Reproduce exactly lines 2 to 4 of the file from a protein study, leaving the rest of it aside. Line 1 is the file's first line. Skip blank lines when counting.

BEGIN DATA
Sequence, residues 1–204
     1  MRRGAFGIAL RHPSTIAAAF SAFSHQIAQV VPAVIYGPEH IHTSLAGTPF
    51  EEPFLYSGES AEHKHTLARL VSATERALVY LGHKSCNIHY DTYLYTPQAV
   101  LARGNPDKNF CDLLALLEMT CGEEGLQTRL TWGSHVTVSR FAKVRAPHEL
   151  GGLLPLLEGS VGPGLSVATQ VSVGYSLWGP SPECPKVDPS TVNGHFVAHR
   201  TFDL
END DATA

     1  MRRGAFGIAL RHPSTIAAAF SAFSHQIAQV VPAVIYGPEH IHTSLAGTPF
    51  EEPFLYSGES AEHKHTLARL VSATERALVY LGHKSCNIHY DTYLYTPQAV
   101  LARGNPDKNF CDLLALLEMT CGEEGLQTRL TWGSHVTVSR FAKVRAPHEL